Edds: Virginia’s long history of refusing to pay

Margaret Edds
Margaret Edds

It was good to see a column from Margaret Edds in The Virginian-Pilot last Sunday. There are few who know Virginia politics like she does. I always learn something.

The current opposition [to Medicaid expansion] is not an outlier to Virginia politics. Rather, it fits within a long continuum, stretching back at least to the early 20th century, in which the state insists that it cannot afford this or that social program before either managing to do so or benefiting without paying our share.

Why am I not surprised that Harry Byrd’s Virginia was the last state to join Social Security? That Virginia has to be dragged into the present, kicking and screaming, is typical.

You’d think our legislature would learn something from our past, if nothing else but the definition of insanity.




8 thoughts on “Edds: Virginia’s long history of refusing to pay

  1. Wait — we had the option to stay OUT of Social Security?!

    Boy, wouldn’t THAT be nice. Too bad we cannot opt out of the increased taxes that will accompany the Medicare expansion whether we expand coverage in Virginia or not.

  2. Vivian – why is it that “progress” to you means participating in yet another federal, centralized program? I’m wondering when the Democrats are going to start calling for the US to contribute to globalized social security and international health care? After all, there are folks who are working hard in Haiti until an old age with no safety net and children in Nairobi with no healthcare. Right? How far do we need to go?

    1. I don’t know about Vivian, Jim, but I would have been more than content if, in lieu of a federal program, the General Assembly had taken it upon itself to carefully craft a program tailored to the needs of Virginians.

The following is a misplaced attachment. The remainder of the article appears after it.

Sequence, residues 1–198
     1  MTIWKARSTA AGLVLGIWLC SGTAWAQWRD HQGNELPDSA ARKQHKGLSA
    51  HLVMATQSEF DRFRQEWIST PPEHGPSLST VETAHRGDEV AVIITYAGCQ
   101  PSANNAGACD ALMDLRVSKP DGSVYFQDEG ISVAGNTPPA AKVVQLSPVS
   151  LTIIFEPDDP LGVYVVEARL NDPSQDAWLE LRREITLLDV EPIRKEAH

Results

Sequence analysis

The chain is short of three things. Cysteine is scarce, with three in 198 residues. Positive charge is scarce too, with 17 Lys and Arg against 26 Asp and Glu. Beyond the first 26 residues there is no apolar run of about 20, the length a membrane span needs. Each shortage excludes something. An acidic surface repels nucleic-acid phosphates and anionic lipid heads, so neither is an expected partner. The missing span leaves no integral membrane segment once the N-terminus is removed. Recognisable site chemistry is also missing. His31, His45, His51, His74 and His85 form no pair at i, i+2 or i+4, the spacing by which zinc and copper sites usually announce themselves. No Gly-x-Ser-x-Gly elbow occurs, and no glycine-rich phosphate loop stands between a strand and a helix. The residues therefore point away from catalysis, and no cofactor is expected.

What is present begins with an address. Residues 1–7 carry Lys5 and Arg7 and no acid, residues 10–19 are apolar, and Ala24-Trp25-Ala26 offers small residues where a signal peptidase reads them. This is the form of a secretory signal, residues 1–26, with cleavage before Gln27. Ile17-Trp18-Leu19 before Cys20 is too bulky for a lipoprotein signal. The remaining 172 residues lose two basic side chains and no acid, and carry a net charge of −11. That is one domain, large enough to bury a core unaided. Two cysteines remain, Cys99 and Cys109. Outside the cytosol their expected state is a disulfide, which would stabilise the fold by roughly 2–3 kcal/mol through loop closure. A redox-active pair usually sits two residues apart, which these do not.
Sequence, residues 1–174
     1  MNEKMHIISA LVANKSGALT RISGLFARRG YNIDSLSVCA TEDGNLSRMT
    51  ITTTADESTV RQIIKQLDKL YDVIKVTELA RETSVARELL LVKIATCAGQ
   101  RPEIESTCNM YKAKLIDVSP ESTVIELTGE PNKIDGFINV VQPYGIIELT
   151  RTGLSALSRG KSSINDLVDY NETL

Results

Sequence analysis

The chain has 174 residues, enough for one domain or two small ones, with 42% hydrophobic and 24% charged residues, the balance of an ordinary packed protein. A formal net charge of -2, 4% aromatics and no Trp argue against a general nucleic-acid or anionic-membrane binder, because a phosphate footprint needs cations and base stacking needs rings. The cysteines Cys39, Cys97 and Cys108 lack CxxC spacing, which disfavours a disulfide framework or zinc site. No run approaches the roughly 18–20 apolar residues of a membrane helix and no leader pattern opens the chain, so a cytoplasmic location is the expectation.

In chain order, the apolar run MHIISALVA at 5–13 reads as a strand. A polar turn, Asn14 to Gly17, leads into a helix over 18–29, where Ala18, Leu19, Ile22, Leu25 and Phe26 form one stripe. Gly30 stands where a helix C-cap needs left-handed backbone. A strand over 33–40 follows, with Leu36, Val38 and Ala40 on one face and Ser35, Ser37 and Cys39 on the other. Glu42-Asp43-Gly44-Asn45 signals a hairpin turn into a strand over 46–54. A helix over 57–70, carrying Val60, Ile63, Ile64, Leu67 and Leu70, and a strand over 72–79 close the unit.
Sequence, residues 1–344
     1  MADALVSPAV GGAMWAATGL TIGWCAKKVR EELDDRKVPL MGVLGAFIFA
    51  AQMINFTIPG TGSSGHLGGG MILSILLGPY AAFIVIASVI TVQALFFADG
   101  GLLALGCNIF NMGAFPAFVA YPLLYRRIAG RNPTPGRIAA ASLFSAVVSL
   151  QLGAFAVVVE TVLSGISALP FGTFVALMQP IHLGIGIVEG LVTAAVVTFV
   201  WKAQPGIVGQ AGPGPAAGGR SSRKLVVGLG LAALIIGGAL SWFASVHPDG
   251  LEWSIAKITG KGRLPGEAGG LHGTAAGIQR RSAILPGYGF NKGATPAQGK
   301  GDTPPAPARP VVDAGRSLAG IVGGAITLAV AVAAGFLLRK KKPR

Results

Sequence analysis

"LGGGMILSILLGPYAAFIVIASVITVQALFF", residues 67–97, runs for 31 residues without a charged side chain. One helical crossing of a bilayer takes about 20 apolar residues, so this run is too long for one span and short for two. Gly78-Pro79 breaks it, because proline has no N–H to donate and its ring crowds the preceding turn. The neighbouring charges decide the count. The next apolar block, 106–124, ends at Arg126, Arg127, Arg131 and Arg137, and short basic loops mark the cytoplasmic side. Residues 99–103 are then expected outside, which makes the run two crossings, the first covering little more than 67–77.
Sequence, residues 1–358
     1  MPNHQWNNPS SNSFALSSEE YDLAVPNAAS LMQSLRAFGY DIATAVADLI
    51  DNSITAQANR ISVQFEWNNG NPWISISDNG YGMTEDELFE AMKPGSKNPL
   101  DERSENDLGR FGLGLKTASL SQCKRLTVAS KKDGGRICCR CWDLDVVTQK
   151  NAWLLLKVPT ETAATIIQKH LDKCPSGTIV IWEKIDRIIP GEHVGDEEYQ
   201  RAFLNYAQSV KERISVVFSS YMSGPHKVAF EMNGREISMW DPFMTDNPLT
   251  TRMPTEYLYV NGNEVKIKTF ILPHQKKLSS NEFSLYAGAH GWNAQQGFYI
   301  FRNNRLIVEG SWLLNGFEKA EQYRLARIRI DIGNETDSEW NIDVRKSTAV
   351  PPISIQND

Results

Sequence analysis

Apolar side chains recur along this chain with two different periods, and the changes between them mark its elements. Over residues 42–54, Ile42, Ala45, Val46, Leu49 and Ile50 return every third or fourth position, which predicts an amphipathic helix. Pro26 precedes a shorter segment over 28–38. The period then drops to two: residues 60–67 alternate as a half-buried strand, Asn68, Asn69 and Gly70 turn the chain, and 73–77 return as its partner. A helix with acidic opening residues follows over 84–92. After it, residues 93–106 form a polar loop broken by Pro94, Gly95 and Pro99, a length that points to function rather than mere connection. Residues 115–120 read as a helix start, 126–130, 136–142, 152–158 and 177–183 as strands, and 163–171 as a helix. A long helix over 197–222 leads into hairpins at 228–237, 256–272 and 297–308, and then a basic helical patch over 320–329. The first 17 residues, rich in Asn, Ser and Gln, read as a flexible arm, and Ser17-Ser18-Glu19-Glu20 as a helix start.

But let’s be honest with ourselves, Jim. That possibility was never even on the table, right? Not with the Party of “No” asserting uninterrupted control of the HoD since 2000. It’s not just medicare, either–we’re the state that experimented with the $1,000 speeding ticket in lieu of finding a dedicated funding source for transportation.

      So maybe we could drop the pretense that there was ever a meaningful choice between federal action and state action–we had a choice between federal action and state inaction. If, in the future, you would like not to be preempted through the Supremacy Clause by federal laws passed by Congressmen from California and Massachusetts, please feel free to jump on your blog and explain to your readers why maybe it’s better meet Virginia Democrats halfway in an effort to find a solution before the Federal Government thrusts a solution upon you.

      1. Why does the government need to be doing this at all? Are there no charities that feed the poor? Are there not free clinics? Are there not charitable hospitals? What social ill does ANY government program purportedly address that is not already addressed by charities?

  3. At this point I’m convinced this has more to do with Speaker Howell being unable to protect his incumbents from primary challenges and the GOP caucus being scared out of their wits by what’s happening internally in the party than anything else. If there was any hope that they would cave, it evaporated along with Linwood Cobb’s district chairmanship in Short Pump last weekend.

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